Turkey also joined the de facto united front against Tehran, as Turkish Foreign Minister Mevlut Cavusoglu criticized an Iranian "sectarian policy" aimed at undermining Bahrain and Saudi Arabia. He added, "It's good that we are now normalizing our relations with Israel."
Regional Cooperation with Israel Is Growing - Tamara Zieve
After visits to Morocco and Egypt, Malcolm Hoenlein, executive vice chairman of the Conference of Presidents of Major American Jewish Organizations, stressed the importance of fostering ties between Israel and moderate countries in the region. The Conference of Presidents works to foster closer relations between Israel and countries in Asia, Africa and the Arab world, largely behind the scenes. Hoenlein said there are many other "surprising" countries which have privately expressed interest in increasing cooperation with Israel.
Animosity Towards a Sovereign Jewish State Is the Root Cause of the Conflict - Einat Wilf and Adi Schwartz (The Hill)
- True peace requires addressing the deep sources of the Arab-Israeli conflict. Those lay with the Arab and Muslim reaction to the return of the Jewish people to powerful sovereignty in their ancient homeland. As far as Muslim theology and Arab practice were concerned, the Jews were non-believers, only to be tolerated, never as equals. They should have never been allowed to undermine Muslim rule over the lands which the Jews claimed as their homeland but the Arabs viewed as exclusively theirs since conquering them in the seventh century.
- The return of the Jewish people to restored sovereignty in their ancient homeland required Arabs and Muslims to accept that a people, whom they have for centuries treated as inferiors, worthy of contempt, were now claiming equality and exercising power in their midst. This unnatural historical development, in Arab eyes, led Arab governments to take revenge and forcefully expel hundreds of thousands of Jews living in their midst, often in communities predating the birth of Islam, just after the establishment of the State of Israel.
- It is also the reason why Arab states kept the Arabs who were displaced during the 1948 Arab-Israeli war and their millions of descendants as perpetual "refugees" - to deprive the Jewish state of legitimacy and peace.
- It is the reason that even after losing repeated military wars against the State of Israel, Arab countries have continued their diplomatic and economic war against it to this day.
- This attitude towards the Jewish state is an Arab - and Muslim - issue, and not only a Palestinian one. The Palestinians are the thin end of the wedge by which the Arab and Muslim world wages its war against a sovereign Jewish people.
- If the word "peace" is ever to truly describe the situation between Israel and its neighbors, it requires the Arab and Muslim world to accept the Jews as their equals and as an indigenous people who have come home.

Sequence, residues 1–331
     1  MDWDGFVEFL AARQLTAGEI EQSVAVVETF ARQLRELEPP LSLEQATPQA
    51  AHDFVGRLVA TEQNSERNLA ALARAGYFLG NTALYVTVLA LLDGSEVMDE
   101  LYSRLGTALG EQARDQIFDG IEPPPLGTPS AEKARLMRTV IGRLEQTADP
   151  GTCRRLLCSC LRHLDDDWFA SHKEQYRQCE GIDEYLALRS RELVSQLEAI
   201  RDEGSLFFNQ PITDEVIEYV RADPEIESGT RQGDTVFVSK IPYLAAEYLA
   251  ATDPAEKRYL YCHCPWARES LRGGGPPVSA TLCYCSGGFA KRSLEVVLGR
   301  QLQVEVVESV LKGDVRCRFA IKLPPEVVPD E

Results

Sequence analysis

Einat Wilf is a former member of the Knesset. Adi Schwartz is a researcher and writer in Tel Aviv.
A poignant video displaying strong US support for Israel.
We haven't seen anything like this in some time.
We haven't seen anything like this in some time.
Haley's Comet - Editorial
A star is born is our reaction to the first press briefing by the new U.S. ambassador at the UN Nikki Haley.
(New York Sun)
Friday, February 17, 2017
In the summer of 2015 I moved to Israel for a year-and-a-half stint freelance reporting in the region. I was very pro-Palestinian. Almost everyone I knew was, viewing Israel as an aggressor, oppressing the poor noble Arabs who are being so brutally denied their freedom.
It wasn't until the violence became personal that I began to see the Israeli side with greater clarity. When I traveled to the east Jerusalem neighborhood of Silwan for a story, a Palestinian kid pointed at me and shouted "Yehud!" which means "Jew" in Arabic. Immediately, a large group of his friends were running toward me with a terrifying sparkle in their eyes. I shouted at them in Arabic "I'm not Jewish," over and over. I told them in Arabic that I was an American journalist who "loved Palestine." They calmed down after that, but the look in their eyes when they first saw me is something I'll never forget.
Even the kindest, most educated, upper-class Palestinians reject 100% of Israel - not just the occupation of east Jerusalem and the West Bank. They simply will not be content with a two-state solution and they want the Israelis who live there now to leave. They almost never speak of coexistence; they speak of expulsion, of taking back "their" land. The ongoing desire of Palestinians to wipe Israel off the map is unproductive and backward-looking and the West must be very careful not to encourage it.